I'm (quite clearly) no Italian mama, and my understanding of Italian food is that recipes tend to vary from region to region in much the same way as they do in this country, so there is possibly no such thing as a completely authentic version - however, this one was taken from The Silver Spoon which I think is about as close to an Italian food bible as one is going to get. You will note the complete lack of any bells and whistles - no mushrooms or onions and most definitely no cream. To add cream to a carbonara is, in my humble opinion, just plain wrong - it makes it an entirely different thing. I love the naked simplicity of this recipe - the rich saltiness of the bacon and cheese and the silky golden coating on the pasta with the faintest hum of garlic. Utter bliss.
The only change that we make is to sub different types of bacon for the pancetta depending on what we have to hand. Four rashers of back bacon will give you the same points count for more meat because of the lower fat content and is worth it if you want a good hit of bacon. Because of the butter I don't really think the end result is compromised.
|Admit it - it wouldn't be the WWFoodie without god awful food photography!|
1 fat clove of garlic
1 medium egg
40g Parmesan cheese
Serves 2, 16 pro points per portion
One of the key things to remember with carbonara is to heat the plates up in advance. Because you have to combine the pasta and sauce off the heat, it is already starting to cool down by the time you serve it. Unless you want cold pasta, your plates need to be hot. So put them in the oven at a low temperature now.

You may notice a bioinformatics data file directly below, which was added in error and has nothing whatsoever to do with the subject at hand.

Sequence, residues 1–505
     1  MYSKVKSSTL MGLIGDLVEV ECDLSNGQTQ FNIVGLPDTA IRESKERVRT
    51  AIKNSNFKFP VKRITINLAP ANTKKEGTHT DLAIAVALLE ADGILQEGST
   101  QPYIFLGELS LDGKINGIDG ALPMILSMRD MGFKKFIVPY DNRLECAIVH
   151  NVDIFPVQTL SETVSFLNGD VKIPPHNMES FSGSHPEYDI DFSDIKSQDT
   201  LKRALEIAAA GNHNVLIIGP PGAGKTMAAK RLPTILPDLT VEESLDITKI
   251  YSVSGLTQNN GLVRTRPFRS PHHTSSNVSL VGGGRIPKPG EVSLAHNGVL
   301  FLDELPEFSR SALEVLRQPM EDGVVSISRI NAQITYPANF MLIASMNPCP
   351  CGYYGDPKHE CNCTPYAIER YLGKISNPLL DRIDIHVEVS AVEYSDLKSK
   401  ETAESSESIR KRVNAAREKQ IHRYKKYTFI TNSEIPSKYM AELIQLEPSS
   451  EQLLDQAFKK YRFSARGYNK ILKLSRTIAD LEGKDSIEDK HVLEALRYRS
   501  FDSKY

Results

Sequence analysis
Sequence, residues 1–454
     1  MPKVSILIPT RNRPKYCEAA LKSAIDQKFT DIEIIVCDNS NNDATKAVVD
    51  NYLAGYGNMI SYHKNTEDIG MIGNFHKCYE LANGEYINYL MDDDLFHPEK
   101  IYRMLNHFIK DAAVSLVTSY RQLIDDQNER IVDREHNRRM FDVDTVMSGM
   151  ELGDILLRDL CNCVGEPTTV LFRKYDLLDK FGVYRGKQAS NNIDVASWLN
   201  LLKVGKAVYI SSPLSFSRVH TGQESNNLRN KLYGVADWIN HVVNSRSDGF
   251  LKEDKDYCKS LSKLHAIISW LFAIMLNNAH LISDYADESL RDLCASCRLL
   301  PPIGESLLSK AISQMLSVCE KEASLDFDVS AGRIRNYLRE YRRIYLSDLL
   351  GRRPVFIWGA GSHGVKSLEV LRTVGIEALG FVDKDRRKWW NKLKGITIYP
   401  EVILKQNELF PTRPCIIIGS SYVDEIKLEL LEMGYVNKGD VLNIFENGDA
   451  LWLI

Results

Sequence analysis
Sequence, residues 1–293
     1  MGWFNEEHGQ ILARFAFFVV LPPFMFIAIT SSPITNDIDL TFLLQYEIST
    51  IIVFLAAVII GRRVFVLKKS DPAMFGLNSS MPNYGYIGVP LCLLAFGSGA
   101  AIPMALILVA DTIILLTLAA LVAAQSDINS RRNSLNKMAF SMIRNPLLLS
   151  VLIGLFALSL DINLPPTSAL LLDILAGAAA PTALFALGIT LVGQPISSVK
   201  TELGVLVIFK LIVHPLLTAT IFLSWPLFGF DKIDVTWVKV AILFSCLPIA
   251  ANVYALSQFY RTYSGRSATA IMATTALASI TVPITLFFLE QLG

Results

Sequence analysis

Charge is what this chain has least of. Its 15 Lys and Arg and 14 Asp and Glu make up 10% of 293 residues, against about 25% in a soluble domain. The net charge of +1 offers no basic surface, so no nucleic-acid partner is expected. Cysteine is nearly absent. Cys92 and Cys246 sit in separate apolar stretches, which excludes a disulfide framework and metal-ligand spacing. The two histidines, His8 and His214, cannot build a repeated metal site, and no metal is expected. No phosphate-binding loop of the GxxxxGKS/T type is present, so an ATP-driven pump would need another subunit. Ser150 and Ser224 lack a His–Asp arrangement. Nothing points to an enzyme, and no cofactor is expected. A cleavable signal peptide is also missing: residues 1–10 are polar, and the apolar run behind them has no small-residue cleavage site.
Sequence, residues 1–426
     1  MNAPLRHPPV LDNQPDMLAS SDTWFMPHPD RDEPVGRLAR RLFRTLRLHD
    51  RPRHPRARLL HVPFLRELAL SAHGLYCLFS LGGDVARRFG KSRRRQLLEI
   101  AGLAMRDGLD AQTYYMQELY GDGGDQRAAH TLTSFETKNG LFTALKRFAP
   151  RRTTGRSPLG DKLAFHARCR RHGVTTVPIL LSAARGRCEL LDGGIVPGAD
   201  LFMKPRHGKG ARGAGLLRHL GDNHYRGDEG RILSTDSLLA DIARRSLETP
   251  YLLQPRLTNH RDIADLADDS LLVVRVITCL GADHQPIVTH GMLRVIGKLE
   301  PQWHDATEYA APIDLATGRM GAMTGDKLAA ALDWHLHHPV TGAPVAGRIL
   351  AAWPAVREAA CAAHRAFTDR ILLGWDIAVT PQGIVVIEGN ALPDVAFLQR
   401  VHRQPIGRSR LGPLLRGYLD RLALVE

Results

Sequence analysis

Put a large pan of salted water on to boil while you get everything else prepped.
Finely grate the Parmesan cheese. Whisk the egg and add two thirds of the cheese to it along with a hearty grinding of black pepper. Peel the garlic clove and then, using the flat of a knife blade, lightly bruise it. Chop the bacon if you haven't take the lazy route and bought it pre cubed.
Once the water is up to the boil, tip in the spaghetti. Heat the butter in a frying pan large enough to hold all the pasta once it is cooked.
As the butter melts, add the pancetta and the garlic clove and cook until the bacon is crispy. It should take about the same amount of time as the pasta takes to cook - that is 8-10 minutes depending on brand.
When the pasta is cooked, reserve a mug full of the cooking water and then drain. Fish the garlic clove out of the frying pan and throw the pasta straight in. Over the heat stir well so that the pasta is completely coated in a light layer of butter and bacon fat.
Now - and this is important - you have to remove the pan completely from the heat. Pour in the egg and cheese mixture and a splash of the cooking water and combine well. I find tongs the best tool for this to ensure that you are lifting the pasta and it all gets well coated. Add more cooking water as required - you want the spaghetti to have a very light, silky coating.
Serve in the warmed plates topped with a scrunch more black pepper and the remaining Parmesan cheese. Sigh in contentment.